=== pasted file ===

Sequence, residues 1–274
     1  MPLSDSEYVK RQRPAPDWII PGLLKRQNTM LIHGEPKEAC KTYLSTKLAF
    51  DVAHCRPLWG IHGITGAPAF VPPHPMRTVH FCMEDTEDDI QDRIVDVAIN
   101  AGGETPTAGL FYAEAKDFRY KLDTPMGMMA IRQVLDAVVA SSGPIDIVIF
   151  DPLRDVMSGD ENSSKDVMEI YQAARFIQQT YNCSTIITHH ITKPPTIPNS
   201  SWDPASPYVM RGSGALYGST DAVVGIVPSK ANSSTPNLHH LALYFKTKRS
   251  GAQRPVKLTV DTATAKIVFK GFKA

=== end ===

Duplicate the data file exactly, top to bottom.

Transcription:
Sequence, residues 1–274
     1  MPLSDSEYVK RQRPAPDWII PGLLKRQNTM LIHGEPKEAC KTYLSTKLAF
    51  DVAHCRPLWG IHGITGAPAF VPPHPMRTVH FCMEDTEDDI QDRIVDVAIN
   101  AGGETPTAGL FYAEAKDFRY KLDTPMGMMA IRQVLDAVVA SSGPIDIVIF
   151  DPLRDVMSGD ENSSKDVMEI YQAARFIQQT YNCSTIITHH ITKPPTIPNS
   201  SWDPASPYVM RGSGALYGST DAVVGIVPSK ANSSTPNLHH LALYFKTKRS
   251  GAQRPVKLTV DTATAKIVFK GFKA